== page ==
This book treats of three phases in the evolution of morality: objective morality, the morality of the inner life, and a synthesis of these two ideals.
The first stage is the ethics of "status," of race, of blood, of solidarity. The will is organized by custom and tradition about objective social interests, the family, property and the state. The material for this stage is taken largely from Homer and the Old Testament.
Between the first and second stages there is a movement of transition. It is to be seen in Jeremiah and in Socrates. This is a movement of criticism and of moral detachment from the older objective interests of family and nationality. This development culminated in the death of Socrates and the crucifixion of Jesus.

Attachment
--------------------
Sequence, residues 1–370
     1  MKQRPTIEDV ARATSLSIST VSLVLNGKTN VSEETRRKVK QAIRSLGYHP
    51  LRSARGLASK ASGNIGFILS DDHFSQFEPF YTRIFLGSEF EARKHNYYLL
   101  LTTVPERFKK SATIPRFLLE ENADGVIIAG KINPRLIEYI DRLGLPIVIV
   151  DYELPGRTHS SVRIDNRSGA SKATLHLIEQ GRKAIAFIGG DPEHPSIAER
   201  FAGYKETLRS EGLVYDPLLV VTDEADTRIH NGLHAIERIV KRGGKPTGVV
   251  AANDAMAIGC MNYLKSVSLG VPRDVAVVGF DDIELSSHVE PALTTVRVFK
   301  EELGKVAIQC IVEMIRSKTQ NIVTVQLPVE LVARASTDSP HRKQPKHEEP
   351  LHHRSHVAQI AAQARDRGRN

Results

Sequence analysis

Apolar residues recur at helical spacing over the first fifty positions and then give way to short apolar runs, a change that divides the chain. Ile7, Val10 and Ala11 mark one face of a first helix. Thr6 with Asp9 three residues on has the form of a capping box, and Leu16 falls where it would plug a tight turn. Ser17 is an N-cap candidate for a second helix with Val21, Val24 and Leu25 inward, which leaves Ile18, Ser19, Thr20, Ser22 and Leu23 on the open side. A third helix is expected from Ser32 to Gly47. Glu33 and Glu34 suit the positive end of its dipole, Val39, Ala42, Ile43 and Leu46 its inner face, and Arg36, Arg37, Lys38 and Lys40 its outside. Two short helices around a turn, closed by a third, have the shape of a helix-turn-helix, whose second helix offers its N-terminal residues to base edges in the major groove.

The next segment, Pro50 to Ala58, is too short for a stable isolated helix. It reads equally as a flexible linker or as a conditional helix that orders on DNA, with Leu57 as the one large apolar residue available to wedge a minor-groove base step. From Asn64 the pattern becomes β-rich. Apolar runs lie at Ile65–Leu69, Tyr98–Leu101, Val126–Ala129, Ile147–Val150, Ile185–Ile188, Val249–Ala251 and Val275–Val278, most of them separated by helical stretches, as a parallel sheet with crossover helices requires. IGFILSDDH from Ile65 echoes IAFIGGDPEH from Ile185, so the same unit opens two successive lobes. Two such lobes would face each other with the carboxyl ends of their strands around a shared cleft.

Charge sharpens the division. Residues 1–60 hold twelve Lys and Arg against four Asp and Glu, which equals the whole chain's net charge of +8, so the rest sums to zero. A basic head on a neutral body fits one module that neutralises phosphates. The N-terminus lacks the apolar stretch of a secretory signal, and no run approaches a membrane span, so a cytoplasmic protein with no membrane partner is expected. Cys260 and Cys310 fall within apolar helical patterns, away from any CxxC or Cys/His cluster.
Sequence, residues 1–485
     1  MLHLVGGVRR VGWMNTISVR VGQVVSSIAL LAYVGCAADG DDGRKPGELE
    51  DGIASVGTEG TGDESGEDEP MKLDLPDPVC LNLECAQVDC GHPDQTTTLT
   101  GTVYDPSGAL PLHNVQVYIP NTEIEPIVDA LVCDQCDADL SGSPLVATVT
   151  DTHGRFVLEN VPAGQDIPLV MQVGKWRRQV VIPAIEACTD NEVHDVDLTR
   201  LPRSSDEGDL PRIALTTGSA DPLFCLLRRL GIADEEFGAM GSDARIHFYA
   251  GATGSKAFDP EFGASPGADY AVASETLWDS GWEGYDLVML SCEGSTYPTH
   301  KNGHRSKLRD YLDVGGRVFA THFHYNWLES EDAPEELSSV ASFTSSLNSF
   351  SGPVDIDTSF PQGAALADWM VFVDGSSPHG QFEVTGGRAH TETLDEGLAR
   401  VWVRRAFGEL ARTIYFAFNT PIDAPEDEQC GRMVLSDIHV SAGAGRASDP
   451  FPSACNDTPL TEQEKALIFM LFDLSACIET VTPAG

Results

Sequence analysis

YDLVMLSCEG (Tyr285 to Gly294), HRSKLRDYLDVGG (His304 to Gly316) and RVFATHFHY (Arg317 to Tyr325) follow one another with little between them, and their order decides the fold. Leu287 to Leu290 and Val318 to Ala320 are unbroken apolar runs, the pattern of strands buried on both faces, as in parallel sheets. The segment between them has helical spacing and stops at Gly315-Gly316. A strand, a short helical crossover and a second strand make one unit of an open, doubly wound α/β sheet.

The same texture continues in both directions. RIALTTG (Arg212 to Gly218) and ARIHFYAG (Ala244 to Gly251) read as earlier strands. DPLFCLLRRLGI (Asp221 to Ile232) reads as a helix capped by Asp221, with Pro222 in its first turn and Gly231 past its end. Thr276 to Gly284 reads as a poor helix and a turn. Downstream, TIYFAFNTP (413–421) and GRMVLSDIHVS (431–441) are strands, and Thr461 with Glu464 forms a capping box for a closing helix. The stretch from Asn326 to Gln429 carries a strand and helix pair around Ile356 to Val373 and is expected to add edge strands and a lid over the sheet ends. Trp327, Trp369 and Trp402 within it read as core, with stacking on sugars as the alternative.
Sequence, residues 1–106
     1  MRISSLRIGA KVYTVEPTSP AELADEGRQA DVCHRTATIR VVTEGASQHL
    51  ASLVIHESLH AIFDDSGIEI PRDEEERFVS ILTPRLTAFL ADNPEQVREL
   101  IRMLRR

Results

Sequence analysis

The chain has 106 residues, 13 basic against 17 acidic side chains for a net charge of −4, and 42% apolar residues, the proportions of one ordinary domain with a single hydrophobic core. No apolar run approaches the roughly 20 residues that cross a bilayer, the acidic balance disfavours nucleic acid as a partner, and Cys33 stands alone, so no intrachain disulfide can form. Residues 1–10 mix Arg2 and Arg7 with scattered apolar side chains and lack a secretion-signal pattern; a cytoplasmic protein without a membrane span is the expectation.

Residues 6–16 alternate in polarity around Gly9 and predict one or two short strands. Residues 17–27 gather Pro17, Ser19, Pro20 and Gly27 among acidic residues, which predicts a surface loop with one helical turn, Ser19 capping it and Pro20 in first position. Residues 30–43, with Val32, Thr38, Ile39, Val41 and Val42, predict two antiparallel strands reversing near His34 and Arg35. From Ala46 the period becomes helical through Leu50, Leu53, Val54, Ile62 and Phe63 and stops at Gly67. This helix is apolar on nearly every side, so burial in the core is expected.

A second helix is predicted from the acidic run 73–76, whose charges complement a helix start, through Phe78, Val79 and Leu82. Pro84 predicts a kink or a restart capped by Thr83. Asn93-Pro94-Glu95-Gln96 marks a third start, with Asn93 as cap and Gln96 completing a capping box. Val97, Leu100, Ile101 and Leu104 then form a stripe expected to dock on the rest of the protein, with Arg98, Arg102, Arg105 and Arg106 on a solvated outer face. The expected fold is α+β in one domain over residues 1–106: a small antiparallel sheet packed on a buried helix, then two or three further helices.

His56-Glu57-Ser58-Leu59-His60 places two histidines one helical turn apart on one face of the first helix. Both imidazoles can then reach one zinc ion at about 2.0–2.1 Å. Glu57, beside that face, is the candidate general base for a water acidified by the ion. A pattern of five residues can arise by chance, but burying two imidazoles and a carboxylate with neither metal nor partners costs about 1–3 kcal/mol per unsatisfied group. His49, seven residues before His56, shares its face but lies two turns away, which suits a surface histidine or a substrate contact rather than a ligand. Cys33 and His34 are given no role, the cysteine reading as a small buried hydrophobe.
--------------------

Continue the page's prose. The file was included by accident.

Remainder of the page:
The second stage is the outgrowth of the conflict between the newer conscience and the older objective régime. It results in a new empire of the inner life. Detached, through conflict, from objective organized interests, the will and the conscience build a kingdom within. This stage is seen in Epictetus and St. Francis. But the thousand years' reign of this ideal is more theoretical than real. This inner ideal compromises in Mediævalism and in Protestantism and it completely breaks down in the Renaissance and in modern science. The inner ideal must be regarded not as an absolute reality but as a rehearsal for a richer objective life, in the family, in one's vocation, in the state.
Thus we are led to a synthesis of the inner ideal and objective, scientific morality. Conduct is determined primarily not